Hunter: Richard Buker
State/County: Indiana/Vermillion County
Score: Estimated 170 inches, awaiting official score
Gear: Mathews Outback bow, Beeman ICS 340 arrows, Montec T3 broadhead, Nikon Action binoculars, Tru-Fire X-Caliper release, Trophy Taker rest, Montana Black Gold sight, Tree Spider harness.
For Rich Buker of Clinton, Ind., bowhunting isn’t just about taking a trophy animal—it’s about a lifestyle, tradition and countless hours of dedicated labor.
Buker—who’s spent the last 20 years hunting on his family’s property in Vermillion County—has devoted himself to improving a deer population that was once less than impressive. He’s run trail cameras, planted and maintained food plots, hung stands, and tracked whitetails for years. And after an enormous amount of toil, Buker finally has the trophy buck to make it all worthwhile.
On Oct. 28, Buker crossed paths with a buck he’d been tracking on camera for nearly five years—a 170-inch monster that until now had eluded him. On a windy evening he thought about getting down from his stand and calling it a night. He’d even tied a drop line to his bow in preparation for the descent. But then the wind died and he decided to hang around for a bit longer. Funny the way it is.
It was a fateful decision, as he soon eyed a massive buck working the treeline and then headed across the field toward him. At 35 yards, he stopped the buck with a grunt, placed his shot perfectly behind the shoulder and squeezed off a shot. The biggest buck he’d shot in his life ran 75 yards and then dropped within sight.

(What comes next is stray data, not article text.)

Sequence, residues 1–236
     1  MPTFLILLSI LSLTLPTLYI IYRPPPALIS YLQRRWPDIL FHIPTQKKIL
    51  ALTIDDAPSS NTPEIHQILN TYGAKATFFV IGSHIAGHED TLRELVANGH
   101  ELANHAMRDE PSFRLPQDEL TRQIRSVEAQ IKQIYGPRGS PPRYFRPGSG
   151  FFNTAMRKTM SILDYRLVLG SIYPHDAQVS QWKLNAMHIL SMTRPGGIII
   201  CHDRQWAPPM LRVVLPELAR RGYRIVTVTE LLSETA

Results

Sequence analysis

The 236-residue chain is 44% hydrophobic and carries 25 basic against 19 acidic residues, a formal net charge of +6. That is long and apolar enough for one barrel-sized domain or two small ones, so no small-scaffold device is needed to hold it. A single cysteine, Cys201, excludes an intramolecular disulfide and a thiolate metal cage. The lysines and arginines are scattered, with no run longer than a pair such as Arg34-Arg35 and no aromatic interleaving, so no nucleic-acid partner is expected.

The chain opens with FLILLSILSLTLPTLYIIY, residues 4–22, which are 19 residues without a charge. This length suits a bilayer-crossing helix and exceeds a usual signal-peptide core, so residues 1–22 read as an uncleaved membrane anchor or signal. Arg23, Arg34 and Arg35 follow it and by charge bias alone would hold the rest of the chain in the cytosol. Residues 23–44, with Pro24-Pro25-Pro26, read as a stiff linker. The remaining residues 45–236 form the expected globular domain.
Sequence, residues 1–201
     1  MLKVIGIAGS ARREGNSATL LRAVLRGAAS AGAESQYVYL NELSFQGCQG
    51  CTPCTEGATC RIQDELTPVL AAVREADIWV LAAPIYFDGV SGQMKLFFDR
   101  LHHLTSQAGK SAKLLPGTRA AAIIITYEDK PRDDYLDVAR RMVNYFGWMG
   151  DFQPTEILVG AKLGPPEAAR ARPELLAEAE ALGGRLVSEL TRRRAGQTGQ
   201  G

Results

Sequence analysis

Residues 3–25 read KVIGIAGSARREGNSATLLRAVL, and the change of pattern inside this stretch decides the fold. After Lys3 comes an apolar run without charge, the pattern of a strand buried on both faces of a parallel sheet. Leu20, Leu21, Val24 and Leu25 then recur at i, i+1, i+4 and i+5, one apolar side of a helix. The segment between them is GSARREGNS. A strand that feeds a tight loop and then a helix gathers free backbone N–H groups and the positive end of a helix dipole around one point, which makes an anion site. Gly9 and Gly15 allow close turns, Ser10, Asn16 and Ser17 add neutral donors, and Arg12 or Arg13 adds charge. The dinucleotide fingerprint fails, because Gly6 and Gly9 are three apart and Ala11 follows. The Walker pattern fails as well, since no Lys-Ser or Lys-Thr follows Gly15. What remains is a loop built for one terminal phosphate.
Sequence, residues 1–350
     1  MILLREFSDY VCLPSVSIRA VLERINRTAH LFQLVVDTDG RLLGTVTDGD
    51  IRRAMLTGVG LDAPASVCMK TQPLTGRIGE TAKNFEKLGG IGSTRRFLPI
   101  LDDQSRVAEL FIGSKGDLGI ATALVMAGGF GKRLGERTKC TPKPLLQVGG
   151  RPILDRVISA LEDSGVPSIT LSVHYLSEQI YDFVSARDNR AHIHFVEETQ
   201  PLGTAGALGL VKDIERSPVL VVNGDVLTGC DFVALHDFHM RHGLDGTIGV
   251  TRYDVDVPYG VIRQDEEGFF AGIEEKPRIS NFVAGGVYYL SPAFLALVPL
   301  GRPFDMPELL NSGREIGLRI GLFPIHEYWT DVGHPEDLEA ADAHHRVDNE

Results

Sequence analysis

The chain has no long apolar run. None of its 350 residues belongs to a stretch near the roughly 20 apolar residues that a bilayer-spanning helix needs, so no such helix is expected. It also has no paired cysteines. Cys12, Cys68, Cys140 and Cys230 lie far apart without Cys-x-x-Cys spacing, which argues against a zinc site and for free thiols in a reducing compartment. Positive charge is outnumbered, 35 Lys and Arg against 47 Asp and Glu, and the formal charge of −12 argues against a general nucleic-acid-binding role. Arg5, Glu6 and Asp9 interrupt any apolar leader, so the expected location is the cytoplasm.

When he made it to the buck, Buker said he “was jumping around thanking God for such a great buck. I immediately collected myself, pulled out my iPhone and snapped some pictures before I ever laid hands on the deer.” He couldn’t believe what lay before him, after all the toil and patience.
As it turns out, persistence wins the day.
- Knowing I couldn’t even come to my knees without breaking the little concealment we had, I decided to lie on my left side, using my left elbow for as solid a rest as could be achieved within the slight incline of the old fencerow. But when I shouldered the rifle, the sight of the crosshairs oriented at a 10-4 o’clock angle was definitely a different look from the normal 12-6 position we all practice from. Even so, I didn’t figure that would matter if I aimed at the right spot and squeezed off a clean shot. I settled the crosshairs where I needed to place the bullet and steadied the rifle. Whispering “fire in the hole” while floating the crosshairs on the spot, I gently squeezed the trigger until the recoil removed the buck from my view. Read the full story.